Despite overall being considered as a weak console, the Gamecube gave us loads of fun games outside of Nintendo’s first party line up. RE4 and the Star Wars Rogue Squandron series bein particular highlights for me.

    Even some of their usual franchises took some drastic leaps in different directions and that led to (in my eyes anywho since it isn’t exactly a public majority opinion here) gold like Star Fox: Adventures and Super Mario Sunshine along with critical successes like Luigi’s Mansion and the Metroid Prime series.

    But the Wii and in turn the Wii U seem to kinda revert and go back to their classic 2D scrolling roots what with all the Mario games (with the exception of Galaxy and the usual gimicky staples like Party, Kart, etc) and the upcoming Donkey Kong, Kirby, Yoshi, etc titles.

    It’s not necessarily a bad thing mind you. Gameplay is solid, but formulatic. Nintendo is teetering on the fence and in danger of slipping into the mantra of Activision with Call of Duty. The statement alone is sure to cast some fires in the depths of the most passionate Nintendo fans, but the essentials of games like New Super Mario Bros Wii, New Super Mario Bros Wii U, and ilk like that really don’t have as big of an astounding leap in gameplay from one iteration from the next. Different geography sure, but the motions are all the same. The key difference is that there’s significant amount of time between each title that fatigue won’t be as likely to set in like with an annual series.

    And how consoles and handhelds become closer and closer is another aspect Nintendo is failing to capitalize on. Probably one of the most eagerly awaited sequels they’ve had on the back burner for quite some time, Luigi’s Mansion, gets regulated to the 3DS. Again solid gameplay aside, Nintendo isn’t capitalizing on the fact that they have the means on their Wii U to do so much much much more than what they were already able to achieve on a gameplay level with the Gamecube.

    Instead they’re using their tech to put out quality titles so close to their original incarnations that whilst great, will only stick to those who are in love with the brand and only want nothing more than to wrap their hands on every extension on a whim. While that’s fantastic for retaining player base it’s absolutely horrible in attracting new consumers or retaining those who don’t necessarily feel as attached to every single game of a particular Nintendo franchise.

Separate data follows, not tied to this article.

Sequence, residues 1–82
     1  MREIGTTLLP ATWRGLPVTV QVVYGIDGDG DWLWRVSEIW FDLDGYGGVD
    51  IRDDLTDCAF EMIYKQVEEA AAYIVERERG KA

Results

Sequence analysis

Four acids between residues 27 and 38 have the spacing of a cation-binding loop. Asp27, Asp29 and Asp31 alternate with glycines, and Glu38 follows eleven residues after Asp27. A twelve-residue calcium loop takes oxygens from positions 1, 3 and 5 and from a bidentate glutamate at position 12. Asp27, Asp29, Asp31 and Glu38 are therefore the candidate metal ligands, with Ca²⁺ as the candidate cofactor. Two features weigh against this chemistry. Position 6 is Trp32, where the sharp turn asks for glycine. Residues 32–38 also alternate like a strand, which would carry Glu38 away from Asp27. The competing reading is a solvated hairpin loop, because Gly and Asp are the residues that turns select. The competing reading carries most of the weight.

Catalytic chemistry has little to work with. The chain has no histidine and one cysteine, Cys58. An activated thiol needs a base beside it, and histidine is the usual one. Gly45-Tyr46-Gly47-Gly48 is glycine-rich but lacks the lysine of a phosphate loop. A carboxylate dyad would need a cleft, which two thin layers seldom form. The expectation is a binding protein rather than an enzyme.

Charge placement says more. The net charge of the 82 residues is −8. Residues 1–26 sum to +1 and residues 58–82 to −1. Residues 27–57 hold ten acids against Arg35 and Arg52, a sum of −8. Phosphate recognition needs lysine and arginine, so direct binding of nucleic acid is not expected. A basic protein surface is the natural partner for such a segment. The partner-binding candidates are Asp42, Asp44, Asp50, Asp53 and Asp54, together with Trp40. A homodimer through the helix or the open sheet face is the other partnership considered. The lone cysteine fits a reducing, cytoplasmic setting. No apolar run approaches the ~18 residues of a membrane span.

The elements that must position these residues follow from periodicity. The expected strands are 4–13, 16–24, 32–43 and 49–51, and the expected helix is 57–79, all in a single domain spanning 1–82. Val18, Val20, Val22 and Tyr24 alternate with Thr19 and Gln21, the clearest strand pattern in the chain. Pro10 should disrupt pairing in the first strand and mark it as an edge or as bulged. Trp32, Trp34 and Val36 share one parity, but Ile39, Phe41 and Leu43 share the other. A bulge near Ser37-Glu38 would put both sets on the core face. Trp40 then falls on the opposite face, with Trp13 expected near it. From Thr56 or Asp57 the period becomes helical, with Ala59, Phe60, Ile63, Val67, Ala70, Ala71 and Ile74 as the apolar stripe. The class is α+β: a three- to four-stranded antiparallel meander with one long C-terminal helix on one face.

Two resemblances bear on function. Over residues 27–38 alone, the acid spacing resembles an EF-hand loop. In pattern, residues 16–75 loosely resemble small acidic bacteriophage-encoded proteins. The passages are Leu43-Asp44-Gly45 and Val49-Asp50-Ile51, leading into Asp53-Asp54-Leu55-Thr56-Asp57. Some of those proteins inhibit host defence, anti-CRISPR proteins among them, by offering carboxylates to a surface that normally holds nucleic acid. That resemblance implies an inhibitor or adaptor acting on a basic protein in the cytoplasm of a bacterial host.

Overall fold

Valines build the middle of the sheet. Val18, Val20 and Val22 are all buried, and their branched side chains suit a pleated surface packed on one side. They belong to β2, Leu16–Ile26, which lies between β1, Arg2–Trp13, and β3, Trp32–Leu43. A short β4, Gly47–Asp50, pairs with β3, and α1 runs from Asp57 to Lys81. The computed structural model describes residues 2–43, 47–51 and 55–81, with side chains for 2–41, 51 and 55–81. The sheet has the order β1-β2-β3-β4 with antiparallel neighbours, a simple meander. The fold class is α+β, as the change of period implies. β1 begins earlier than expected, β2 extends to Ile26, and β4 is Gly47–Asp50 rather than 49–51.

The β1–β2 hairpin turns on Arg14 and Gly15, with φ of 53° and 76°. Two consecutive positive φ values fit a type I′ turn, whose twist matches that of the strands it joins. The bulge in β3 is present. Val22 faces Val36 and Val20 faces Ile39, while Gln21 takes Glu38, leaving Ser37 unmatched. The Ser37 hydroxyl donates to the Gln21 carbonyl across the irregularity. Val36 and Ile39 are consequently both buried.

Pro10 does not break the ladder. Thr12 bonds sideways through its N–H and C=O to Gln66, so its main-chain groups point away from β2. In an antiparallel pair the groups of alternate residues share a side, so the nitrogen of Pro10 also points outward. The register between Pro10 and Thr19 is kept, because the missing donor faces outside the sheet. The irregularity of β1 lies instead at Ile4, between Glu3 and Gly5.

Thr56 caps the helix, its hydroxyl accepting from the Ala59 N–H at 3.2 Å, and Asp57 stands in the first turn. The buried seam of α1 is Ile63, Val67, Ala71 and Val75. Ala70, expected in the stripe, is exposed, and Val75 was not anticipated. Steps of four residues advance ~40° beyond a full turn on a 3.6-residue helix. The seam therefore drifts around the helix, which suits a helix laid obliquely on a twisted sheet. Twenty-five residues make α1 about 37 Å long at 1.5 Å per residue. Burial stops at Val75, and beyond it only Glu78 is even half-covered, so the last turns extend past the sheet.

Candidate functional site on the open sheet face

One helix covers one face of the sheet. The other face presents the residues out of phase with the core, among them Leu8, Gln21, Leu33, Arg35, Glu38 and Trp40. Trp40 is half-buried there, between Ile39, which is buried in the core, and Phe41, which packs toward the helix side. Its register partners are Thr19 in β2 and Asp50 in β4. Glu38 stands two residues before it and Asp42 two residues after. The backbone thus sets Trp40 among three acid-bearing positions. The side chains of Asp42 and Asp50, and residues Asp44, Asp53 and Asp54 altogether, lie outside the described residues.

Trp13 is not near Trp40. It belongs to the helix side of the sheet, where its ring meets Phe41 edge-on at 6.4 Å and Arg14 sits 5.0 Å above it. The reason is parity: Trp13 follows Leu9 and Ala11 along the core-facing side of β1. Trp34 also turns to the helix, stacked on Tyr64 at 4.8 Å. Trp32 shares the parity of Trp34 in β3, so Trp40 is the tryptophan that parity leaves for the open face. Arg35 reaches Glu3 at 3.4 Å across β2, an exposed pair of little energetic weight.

Sales numbers of the Wii software are rather telling enough as it is. For a console that sold tens of millions and drove the world nuts over the desire to have one you would think that software records would be earth shattering every step of the way. Instead, our highlights go to these massive launch parties and record breaking events held by games like the Halos, the Call of Dutys, etc. Initially strange when you look at Nintendo’s sales figures when a game like New Super Mario Bros Wii and Mario Kart 7 sell in the tens of millions…then you look at the other hit franchises like the Zeldas and other different Mario titles barely hitting eight million. Some going even less. And the little astrik on Nintendo’s site just hits you when the realization comes about that they count their bundled video games as legitimate full priced sales.

    The much lower sales of key Nintendo titles were already indicative of what Wiii U’s fanbase would be like once the Wii fad went away, and it looks like it’s the same fanbase currently buying Wii U’s and software for it. While it’s obviously not a precise measure and as the rule of thumb goes with correlation and causation not necessarily being connected, there is still a blatantly large gap between the number of Wiis sold, and the software that was sold throughout its lifetime, and the numbers aren’t in favor of majority owners goin out of their way to support stand alone first party releases. Yet with the Wii U, the numbers of key first party titles being sold next to actual Wii U’s are pretty darn close relatively speaking…

    Yes one could point out that it can be awhile for a console to hit its stride, but at this point it’s not a matter of it being okay in the long run since Nintendo needs some uplifting content that draws attention in the short run of 1-3 years. Otherwise their console side of things will likely go belly up by the end of this generation.

    There’s more to be said…more precise and accurate statistics and data to be pointed out, but I just wanted to quickly air out my frustrations due to a lack of Star Fox more than anything.

  5. Nintendo needs to market the Wii u better and more. The Wii u has the hardware to play decent games and even though it isn’t as good as Xbox live or pan, it has an online, AND ITS FREE! It also already has a quite impressive library of games. But nobody takes it seriously.